The Nakia Creek Fire continues to burn near Camas in Clark County in Southwest Washington.

PORTLAND, Ore. — With the Nakia Creek Fire burning in Southwest Washington, people in the Portland metro area woke up to foggy and hazy skies Tuesday morning, with unhealthy air quality across the Portland/Vancouver metro area.

A look at the interactive Air Quality Index (AQI) map from the Oregon Department of Environmental Quality (DEQ) at about 8:30 a.m. Tuesday showed an unhealthy rating in North Portland near Irving Park and air quality that rated as unhealthy for sensitive groups in parts of Vancouver and Portland, particularly in some areas of East Portland.

RELATED: Evacuation zones for Nakia Creek Fire are ‘shrinking’, officials report

The Nakia Creek Fire continues to burn about nine miles northeast of Camas in Clark County in Southwest Washington. It surged from about 150 acres to more than 1,500 acres on Sunday. As of late Monday night, it was about 5% contained. The Clark County Sheriff’s Office has ordered evacuations. Residents can search for their address to see if they’re in an evacuation zone and can sign up for emergency management alerts.

How to check the air quality in your area

The DEQ and partner agencies monitor smoke levels and provide reports on how clean the air is and any potential health risks.

People who want to know what the air quality in their neighborhood looks like can visit the Air Quality Index (AQI) interactive map on the DEQ website. The AQI map uses a color-coded system ranging from “Good” (labeled by green dots), which means air pollution posts little to no risk, to “Hazardous” (labeled by maroon dots), meaning air quality is unhealthy for everyone.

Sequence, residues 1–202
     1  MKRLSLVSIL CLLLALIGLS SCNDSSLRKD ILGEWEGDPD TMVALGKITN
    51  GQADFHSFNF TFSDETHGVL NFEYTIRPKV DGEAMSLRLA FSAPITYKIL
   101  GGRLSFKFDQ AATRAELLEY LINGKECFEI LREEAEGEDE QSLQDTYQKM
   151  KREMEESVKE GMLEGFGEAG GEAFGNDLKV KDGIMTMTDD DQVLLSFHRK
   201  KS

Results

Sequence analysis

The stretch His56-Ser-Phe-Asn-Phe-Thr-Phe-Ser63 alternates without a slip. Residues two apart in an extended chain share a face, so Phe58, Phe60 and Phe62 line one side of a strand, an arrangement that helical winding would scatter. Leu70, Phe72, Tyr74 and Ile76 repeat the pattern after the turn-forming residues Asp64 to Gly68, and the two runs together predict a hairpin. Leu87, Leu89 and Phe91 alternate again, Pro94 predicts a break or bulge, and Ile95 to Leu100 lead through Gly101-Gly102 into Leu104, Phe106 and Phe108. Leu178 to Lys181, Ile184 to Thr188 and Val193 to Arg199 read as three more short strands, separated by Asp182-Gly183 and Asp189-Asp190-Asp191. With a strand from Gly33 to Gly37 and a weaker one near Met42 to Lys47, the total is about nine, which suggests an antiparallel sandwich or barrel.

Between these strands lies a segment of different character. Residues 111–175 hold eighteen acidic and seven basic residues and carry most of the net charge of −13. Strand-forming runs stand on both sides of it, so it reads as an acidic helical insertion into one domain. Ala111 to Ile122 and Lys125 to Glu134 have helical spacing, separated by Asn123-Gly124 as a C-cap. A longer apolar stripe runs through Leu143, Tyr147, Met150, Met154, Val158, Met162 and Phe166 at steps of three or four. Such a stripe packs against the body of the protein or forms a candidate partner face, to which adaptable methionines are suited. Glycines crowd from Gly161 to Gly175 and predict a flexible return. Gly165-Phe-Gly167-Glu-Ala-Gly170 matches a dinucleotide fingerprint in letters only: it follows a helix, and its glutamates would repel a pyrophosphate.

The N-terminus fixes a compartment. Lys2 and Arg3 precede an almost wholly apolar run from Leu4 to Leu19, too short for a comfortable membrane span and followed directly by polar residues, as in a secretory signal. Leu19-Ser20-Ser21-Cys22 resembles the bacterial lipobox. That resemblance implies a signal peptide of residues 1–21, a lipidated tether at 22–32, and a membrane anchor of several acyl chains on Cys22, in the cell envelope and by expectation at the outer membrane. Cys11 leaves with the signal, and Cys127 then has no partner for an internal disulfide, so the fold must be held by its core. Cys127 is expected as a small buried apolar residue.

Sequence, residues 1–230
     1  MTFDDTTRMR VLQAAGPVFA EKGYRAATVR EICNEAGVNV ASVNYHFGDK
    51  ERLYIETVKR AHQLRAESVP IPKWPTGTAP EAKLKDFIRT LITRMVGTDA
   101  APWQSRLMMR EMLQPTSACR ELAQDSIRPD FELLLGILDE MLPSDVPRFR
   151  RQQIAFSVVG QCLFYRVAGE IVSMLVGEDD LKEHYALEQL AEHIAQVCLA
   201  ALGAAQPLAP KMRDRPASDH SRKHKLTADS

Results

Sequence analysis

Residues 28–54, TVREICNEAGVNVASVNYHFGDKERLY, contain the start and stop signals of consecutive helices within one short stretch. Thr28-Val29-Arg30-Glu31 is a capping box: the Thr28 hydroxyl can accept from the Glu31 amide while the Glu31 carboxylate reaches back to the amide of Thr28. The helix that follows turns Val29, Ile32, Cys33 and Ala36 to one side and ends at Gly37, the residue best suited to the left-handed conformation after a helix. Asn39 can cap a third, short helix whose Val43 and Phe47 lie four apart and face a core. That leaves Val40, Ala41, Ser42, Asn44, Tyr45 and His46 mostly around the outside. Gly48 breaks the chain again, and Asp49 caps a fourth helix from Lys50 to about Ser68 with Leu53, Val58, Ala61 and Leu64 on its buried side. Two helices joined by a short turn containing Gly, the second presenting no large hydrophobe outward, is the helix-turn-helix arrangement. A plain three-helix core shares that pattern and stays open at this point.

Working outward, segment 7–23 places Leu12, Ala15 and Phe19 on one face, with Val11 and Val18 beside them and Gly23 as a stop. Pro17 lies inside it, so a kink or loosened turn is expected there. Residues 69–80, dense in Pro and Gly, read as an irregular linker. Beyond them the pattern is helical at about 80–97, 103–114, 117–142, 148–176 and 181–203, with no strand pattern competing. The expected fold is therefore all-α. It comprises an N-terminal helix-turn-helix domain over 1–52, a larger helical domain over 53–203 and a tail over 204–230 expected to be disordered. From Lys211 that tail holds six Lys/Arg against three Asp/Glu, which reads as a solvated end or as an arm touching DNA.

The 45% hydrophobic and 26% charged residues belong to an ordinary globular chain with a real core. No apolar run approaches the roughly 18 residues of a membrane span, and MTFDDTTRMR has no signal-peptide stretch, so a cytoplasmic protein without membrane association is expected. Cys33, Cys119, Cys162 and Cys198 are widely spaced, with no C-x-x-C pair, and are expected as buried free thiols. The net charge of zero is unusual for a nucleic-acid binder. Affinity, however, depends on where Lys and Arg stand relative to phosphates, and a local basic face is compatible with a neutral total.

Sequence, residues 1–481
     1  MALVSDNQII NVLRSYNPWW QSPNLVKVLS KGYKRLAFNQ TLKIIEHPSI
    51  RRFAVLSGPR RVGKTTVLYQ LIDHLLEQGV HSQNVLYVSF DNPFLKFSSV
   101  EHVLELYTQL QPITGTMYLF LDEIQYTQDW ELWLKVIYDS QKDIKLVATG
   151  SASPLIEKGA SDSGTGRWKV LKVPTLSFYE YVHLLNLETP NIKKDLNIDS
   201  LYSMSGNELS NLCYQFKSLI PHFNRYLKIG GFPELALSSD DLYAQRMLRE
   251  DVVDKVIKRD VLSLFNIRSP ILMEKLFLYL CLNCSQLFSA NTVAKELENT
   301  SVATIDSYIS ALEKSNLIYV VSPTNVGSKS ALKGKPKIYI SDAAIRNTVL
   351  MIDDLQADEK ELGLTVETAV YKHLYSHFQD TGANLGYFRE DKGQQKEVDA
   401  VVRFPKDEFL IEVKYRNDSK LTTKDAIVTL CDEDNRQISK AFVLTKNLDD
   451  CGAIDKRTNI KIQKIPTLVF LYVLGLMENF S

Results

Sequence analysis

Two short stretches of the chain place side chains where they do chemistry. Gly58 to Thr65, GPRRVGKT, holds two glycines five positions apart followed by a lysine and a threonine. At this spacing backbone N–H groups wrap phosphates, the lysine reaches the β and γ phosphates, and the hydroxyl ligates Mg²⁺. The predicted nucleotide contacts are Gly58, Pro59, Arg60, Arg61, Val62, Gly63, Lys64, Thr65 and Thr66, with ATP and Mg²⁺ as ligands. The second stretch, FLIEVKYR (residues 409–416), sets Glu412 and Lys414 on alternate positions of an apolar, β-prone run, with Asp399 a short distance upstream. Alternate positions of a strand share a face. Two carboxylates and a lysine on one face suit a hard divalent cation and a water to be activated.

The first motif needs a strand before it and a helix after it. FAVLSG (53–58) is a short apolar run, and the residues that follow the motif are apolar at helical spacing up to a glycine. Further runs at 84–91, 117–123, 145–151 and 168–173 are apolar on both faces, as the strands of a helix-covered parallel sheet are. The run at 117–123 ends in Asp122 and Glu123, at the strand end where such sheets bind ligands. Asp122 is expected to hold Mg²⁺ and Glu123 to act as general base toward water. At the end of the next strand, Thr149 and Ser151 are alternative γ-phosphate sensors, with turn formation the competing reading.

View the AQI interactive map here

The Environmental Protection Agency also has an online tool where people can type in their zip code, city or state to view the air quality index.

View the AirNow air quality tool

How to protect yourself from smoke

Smoke can irritate the eyes and lungs. People most at risk include infants, young kids, older adults and people with certain medical conditions such as heart or lung disease.

The DEQ recommends people take precautions when smoke levels are high:

  • Stay indoors and keep windows and doors closed
  • Avoid outdoor activities
  • Use high-efficiency particulate air (HEPA) filters in indoor ventilation systems or portable air purifiers

The DEQ notes that cloth, dust and surgical masks don’t protect people from harmful particles in smoke. A particulate respirator marked with the word “NIOSH” can help prevent smoke exposure.

RELATED: How to make sure wildfire smoke stays outside

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